Over the course of four weeks, students will participate in workshops on protocol and etiquette at the United Nations (UN), types and functions of multilateral conferences, cultural and public diplomacy, and negotiation and decision-making through four online modules. As a complement to their online training, participants have the opportunity to hear from additional practitioners and UNITAR officials through a series of weekly webinars on topics such as the Sustainable Development Goals and career development.
Participants will also learn from each other by utilizing discussion forums to not only reflect on their coursework but to relate it to their personal experiences. Upon completion of the four modules, each student will earn an official Certificate of Participation signed by the head of UNITAR, Mr. Nikhil Seth, whose career with the UN spans over 20 years.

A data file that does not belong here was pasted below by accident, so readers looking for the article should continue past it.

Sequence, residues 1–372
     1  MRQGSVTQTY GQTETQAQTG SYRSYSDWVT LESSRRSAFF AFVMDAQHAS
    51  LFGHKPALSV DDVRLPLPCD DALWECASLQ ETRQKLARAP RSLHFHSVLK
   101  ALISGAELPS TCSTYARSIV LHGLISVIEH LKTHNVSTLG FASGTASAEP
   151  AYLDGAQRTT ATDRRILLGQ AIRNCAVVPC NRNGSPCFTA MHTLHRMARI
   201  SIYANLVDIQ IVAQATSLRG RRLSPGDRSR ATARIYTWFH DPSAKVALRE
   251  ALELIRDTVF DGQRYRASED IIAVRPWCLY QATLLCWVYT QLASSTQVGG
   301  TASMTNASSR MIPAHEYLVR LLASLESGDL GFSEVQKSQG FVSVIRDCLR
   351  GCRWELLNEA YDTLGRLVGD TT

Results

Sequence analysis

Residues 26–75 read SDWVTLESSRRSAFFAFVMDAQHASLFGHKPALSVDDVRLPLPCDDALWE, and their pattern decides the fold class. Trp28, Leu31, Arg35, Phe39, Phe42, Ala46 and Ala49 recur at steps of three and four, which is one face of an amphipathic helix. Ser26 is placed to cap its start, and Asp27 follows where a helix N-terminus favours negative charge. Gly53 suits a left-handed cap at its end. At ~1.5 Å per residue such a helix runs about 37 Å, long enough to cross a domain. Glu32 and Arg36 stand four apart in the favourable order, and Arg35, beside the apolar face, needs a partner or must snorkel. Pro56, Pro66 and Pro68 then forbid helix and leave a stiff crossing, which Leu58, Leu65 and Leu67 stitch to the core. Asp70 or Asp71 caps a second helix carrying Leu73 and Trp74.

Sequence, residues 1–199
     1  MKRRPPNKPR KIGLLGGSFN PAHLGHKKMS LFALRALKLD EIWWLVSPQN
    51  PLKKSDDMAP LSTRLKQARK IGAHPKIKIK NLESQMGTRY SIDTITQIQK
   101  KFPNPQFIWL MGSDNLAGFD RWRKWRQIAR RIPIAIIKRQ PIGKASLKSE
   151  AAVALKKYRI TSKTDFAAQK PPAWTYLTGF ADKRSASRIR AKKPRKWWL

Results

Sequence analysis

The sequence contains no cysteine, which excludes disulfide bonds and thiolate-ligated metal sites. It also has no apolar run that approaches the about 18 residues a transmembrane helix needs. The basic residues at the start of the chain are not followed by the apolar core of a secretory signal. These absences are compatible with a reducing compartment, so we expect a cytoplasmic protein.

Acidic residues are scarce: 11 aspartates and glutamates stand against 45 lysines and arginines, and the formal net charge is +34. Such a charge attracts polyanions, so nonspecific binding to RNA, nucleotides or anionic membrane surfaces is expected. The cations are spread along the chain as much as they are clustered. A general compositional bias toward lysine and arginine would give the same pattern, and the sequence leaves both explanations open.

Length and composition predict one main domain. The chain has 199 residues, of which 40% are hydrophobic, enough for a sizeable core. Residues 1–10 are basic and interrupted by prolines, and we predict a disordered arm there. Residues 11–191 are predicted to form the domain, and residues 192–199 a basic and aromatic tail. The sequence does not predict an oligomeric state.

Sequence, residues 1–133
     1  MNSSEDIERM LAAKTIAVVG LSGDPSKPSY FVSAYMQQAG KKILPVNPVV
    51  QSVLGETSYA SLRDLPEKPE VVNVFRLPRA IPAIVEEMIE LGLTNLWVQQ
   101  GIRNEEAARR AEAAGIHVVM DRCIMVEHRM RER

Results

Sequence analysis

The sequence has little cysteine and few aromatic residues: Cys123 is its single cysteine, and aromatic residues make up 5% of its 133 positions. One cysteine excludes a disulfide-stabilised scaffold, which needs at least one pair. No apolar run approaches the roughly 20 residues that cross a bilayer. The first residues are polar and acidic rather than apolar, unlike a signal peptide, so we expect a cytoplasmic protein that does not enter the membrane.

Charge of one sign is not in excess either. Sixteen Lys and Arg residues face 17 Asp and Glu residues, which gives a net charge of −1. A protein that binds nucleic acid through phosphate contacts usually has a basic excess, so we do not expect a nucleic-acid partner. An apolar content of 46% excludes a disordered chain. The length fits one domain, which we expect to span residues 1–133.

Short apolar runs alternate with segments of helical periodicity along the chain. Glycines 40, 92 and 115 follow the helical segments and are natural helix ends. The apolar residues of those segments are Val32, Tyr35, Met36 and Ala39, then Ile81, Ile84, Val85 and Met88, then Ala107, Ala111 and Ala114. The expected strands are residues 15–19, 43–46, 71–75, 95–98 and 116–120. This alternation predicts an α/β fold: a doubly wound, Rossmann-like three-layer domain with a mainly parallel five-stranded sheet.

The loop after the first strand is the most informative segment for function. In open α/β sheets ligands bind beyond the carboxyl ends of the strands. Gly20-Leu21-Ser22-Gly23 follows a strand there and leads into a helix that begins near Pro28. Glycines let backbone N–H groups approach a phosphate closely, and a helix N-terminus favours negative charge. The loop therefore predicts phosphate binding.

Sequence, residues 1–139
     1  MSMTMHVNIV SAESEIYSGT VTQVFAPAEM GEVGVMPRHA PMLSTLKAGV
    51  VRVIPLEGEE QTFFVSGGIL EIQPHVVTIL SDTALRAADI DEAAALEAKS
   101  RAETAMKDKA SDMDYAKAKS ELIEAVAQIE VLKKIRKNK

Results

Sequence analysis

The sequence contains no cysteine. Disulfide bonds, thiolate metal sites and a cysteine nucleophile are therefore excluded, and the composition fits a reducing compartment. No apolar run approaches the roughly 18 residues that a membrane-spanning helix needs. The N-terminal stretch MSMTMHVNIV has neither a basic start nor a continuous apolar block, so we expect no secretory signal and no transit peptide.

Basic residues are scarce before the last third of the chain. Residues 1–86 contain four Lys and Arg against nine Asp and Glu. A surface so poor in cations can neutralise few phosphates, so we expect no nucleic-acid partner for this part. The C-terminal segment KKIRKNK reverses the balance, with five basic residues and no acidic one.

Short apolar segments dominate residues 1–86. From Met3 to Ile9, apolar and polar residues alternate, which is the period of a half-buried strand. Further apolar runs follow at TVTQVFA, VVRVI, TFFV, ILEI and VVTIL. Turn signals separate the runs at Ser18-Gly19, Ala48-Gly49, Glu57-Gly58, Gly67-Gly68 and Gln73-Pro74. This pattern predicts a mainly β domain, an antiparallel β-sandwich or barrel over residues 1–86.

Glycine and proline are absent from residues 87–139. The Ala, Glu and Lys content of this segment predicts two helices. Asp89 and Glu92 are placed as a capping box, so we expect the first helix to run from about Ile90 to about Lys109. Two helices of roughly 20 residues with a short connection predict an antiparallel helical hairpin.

"I think that this program is really great," notes undergraduate student Jarrett Dang, "especially because it allows us to interact directly with experts in international relations." Dang says that he was inspired to participate because he has been working as an intern at the U.S. Mission to the United Nations, located across the street from UNHQ. "Having the opportunity to attend some meetings and events at the UN has been a great privilege," he says, "and I wanted more. I was excited to gain an inside the UN perspective."
Dang views the material as particularly relevant for all students of Diplomacy, because of its strong applicability. "The course touches upon crucial aspects of diplomacy that can be applied anywhere," he asserts. "Personally, I hope to apply this knowledge in other internships and throughout my career, whether I pursue work with the U.S. government, the UN system, or at an NGO."
For those who were energized by their UNITAR training experience, were disappointed to miss it or the cultural aspects in country, fear not - further opportunities for Diplomacy students to study in Geneva lie ahead. Another exciting new partnership, this one with The Graduate Institute of International and Development Studies lays the groundwork for a 5-year B.S./M.A. program offered jointly with the Institute.